KORNITZER: It is beautiful. Do you believe, Mister Frost, that the textbooks are giving the right interpretation of the meaning and spirit of your poetry? For example, Stopping by Woods on a Snowy Evening is described in a textbook as a suicide poem. Is this classification correct?

FROST: That’s terrible, terrible, isn’t it? But that’s one textbook. I’ve had fine treatment all around, you know. Most of the textbooks’ writers, most of the critics in America are professors in our colleges and one good third of my living has come from them. They’ve spread my books around. They’ve been my public. And I don’t read reviews very much, but I get them by word of mouth, you know, people tell me. I’ve been treated too well. Colleges--the best audience I have is a kind of a mixed town and gown audience. These college professors have taken care of me. My-- my greatest debt is to Amherst College, Michigan. I stayed there a long time, Dartmouth. Those are the chief ones, Amherst chiefest of all. I’ve-- I’ve belonged to Amherst in my loose way for about twenty years out of the last thirty-five and a member of the faculty without too much to do except write my own poetry. You know how it is in the old world, you look for patronage, you come from there. You look for patronage from the great people, the lords and everything. We get our patronage chiefly for literature in this country from the colleges. That wasn’t so forty years ago. That’s something that’s come-- come on in my lifetime. But I’ve lived on colleges you might say and on Henry Holt and Company.

KORNITZER: You are labeled by essayists and critics- nature poet, New England Yankee, symbolist, I think humanist, skeptic, anti-Platonist, and as many other things. Which one of these labels do you consider--

FROST: I don’t pick out any single one. I take them all, take them and put my arms around them.

KORNITZER: Well, what kind of poet do you consider yourself, Mister Frost?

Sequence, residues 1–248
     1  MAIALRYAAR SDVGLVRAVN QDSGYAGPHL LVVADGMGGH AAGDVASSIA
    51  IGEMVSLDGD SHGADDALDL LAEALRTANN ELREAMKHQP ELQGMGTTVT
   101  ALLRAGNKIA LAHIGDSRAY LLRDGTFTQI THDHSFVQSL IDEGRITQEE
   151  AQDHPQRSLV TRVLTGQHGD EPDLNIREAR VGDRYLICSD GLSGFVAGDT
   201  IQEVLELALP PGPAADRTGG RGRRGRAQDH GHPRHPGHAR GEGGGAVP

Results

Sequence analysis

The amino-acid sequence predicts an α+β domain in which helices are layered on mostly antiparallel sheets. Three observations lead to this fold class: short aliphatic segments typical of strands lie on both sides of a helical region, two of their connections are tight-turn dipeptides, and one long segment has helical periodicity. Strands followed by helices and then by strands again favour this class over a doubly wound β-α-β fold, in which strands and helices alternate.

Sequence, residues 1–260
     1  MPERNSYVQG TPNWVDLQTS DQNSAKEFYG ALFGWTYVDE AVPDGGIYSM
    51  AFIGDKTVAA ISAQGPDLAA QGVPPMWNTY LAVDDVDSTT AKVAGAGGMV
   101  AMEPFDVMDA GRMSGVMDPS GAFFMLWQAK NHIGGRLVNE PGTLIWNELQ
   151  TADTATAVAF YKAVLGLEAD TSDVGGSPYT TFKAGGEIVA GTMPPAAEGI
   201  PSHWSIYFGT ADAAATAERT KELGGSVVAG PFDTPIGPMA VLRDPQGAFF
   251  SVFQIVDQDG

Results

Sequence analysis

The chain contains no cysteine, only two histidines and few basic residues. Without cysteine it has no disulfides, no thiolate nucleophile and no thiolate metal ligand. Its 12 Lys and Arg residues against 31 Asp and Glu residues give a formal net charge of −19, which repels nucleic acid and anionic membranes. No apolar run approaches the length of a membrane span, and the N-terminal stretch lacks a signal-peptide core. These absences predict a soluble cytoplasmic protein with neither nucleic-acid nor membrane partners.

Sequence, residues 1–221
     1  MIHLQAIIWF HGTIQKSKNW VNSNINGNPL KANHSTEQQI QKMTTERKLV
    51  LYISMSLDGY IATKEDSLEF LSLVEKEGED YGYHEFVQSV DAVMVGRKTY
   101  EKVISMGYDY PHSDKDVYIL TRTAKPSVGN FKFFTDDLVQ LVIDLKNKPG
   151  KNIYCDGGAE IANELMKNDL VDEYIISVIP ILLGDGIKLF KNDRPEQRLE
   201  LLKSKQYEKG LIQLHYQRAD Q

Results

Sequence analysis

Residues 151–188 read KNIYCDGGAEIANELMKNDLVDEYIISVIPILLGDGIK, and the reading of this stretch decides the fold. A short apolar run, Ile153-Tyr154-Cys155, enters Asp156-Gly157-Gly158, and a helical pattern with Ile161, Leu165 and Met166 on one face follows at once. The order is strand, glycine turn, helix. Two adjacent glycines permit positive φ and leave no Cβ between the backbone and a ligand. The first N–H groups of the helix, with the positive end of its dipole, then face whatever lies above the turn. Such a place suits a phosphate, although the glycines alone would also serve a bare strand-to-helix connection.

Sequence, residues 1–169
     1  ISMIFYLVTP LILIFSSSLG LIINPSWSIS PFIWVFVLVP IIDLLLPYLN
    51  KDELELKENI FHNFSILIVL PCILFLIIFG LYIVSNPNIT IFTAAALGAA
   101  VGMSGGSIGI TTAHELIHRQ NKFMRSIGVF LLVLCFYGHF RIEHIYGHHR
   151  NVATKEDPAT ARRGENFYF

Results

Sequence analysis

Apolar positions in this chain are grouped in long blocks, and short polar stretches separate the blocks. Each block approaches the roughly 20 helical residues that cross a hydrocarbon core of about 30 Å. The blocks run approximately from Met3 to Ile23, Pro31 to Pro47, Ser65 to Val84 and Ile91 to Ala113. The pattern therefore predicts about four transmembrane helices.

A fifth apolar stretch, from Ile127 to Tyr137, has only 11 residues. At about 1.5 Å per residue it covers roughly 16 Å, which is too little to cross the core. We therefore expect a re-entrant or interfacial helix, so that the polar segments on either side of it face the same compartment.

FROST: Old as I am, I’m-- I’m not self-conscious enough to tell you, I like all that. I like be ca-- I like to be called a humanist, I guess, pretty well; though, I’m not strictly a humanist. I guess I’m an-- not a nature poet. I’ve-- I’ve only written two poems without a human being in it-- in them, only two. All my poems have got a person in them.

KORNITZER: Can a man as sensitive to nature as you are believe that nature is essentially kind?

FROST: I know it isn’t kind. Matthew Arnold said, “Nature is cruel. It’s man that’s sick of blood. And man doesn’t seem so very sick of it.” Nature is always more or less cruel. Should I tell you what happened once on the porch of a professor-- minister he was, too? The war was going on, beautiful moonlit night. And he was there with some boys and talking about the horrors of war, how cruel men were to each other and how kind nature was, what a beautiful country this was spread beneath us, you know, moonlight on it. And just as he talked that way, spreading his arm over it, a bird began to shriek down in the woods; something had got into its nest. Nature was being cruel. And the woods are all killing each other anyway. That’s where the expression came from "a place in the sun," a tree wanting a place in the sun that it can’t get, the other trees won’t give it to it.